Bentley Will Kill Iconic W12 Engine After Batur In 2024
Bentley is transitioning to a fully-electrified line-up by 2030 and the W12 doesn’t fit in its plans
February 21, 2023 at 19:59
by Brad Anderson
Bentley has become synonymous with its powerful W12 engine but will end production of the mill in April 2024 by which time more than 105,000 units will have been produced during the engine’s life span.
The British car manufacturer will fully electrify its line-up by the start of the next decade and the W12 simply doesn’t fit into these plans. The 6.0-liter, twin-turbocharged mill was first introduced in 2003 and has been routinely updated over the past 20 years. Indeed, peak power has jumped by 37 per cent, torque has climbed 54 per cent, and emissions have been reduced by 25 per cent.
Read: The Bentley Mulliner Batur Will Be Capped At Just 18 Units Worldwide
The current generation of W12 used by Bentley was introduced in 2015 with the Bentayga SUV. It was redesigned from the sump up and includes a 30 per cent stronger crankcase, an improved cooling system, more efficient turbochargers, and a system that can shut down some of the cylinders when needed.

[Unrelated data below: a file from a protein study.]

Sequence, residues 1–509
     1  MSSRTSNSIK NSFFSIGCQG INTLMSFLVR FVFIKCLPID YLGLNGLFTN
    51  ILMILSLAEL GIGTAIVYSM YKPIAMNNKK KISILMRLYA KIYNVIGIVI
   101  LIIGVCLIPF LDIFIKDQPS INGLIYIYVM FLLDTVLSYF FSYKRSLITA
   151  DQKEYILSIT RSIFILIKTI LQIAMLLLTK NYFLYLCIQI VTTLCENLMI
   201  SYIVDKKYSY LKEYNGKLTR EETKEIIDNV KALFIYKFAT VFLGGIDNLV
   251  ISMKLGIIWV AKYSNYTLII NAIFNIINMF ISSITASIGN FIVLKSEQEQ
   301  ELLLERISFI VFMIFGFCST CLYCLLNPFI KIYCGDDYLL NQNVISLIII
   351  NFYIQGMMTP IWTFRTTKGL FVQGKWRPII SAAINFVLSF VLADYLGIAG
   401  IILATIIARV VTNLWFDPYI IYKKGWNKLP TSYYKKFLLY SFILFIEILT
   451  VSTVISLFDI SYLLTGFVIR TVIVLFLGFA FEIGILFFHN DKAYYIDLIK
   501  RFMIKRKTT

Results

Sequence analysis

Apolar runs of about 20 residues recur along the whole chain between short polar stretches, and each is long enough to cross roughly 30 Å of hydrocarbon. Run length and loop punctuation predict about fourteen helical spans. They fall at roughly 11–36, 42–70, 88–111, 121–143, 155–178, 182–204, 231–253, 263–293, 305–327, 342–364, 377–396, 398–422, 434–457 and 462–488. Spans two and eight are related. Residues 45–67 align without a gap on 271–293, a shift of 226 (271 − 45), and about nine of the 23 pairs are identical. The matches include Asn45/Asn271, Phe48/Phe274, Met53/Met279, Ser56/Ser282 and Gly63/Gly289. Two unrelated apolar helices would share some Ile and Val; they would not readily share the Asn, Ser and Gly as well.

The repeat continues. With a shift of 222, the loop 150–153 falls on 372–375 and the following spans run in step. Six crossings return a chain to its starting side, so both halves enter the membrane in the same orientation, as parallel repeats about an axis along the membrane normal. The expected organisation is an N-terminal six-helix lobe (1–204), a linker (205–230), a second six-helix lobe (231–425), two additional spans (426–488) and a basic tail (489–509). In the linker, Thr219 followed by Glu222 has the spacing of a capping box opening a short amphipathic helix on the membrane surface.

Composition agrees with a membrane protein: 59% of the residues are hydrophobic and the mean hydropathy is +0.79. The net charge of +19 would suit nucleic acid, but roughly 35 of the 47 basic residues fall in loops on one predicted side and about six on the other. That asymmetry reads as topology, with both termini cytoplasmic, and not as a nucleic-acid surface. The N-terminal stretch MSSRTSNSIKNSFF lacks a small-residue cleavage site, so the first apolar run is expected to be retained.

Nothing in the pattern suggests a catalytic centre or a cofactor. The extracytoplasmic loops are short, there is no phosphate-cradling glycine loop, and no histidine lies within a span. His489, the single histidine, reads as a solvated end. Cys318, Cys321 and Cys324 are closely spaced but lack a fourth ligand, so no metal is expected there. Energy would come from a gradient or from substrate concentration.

The W12 will be sent off in style with the limited-run Bentley Mulliner Batur. Unveiled in August last year and set to be limited to just 18 units worldwide, the Batur has now been confirmed as the most powerful production Bentley ever. Indeed, its tweaked W12 is good for 740 hp and 737 lb-ft (1,000 Nm) of torque between 1,750 rpm and 5,000 rpm.
Bentley continues to offer a potent 650 hp variant of the 6.0-liter twin-turbo W12 for the Continental GT, Bentayga, Flying Spur, Continental GT Mulliner, and Flying Spur Mulliner. It expects demand for these models to be high and is encouraging shoppers to place an order as soon as possible. Once the W12 is gone, it’s not coming back.
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“Our progressive journey towards sustainable luxury mobility means making changes to every area of Bentley Motors,” Bentley chief executive Adrian Hallmark said. “When we first launched the W12 back in 2003, we knew we had a mighty engine that would propel both our cars and the brand forwards at speed. 20 years and more than 100,000 W12s later, the time has come to retire this now-iconic powertrain as we take strides towards electrification – but not without giving it the best send-off possible, with the most powerful version of the engine ever created.”
The carmaker aims to retrain and redeploy the 30 craftspeople that hand-assemble and test each W12 engine at its factory in Crewe, UK.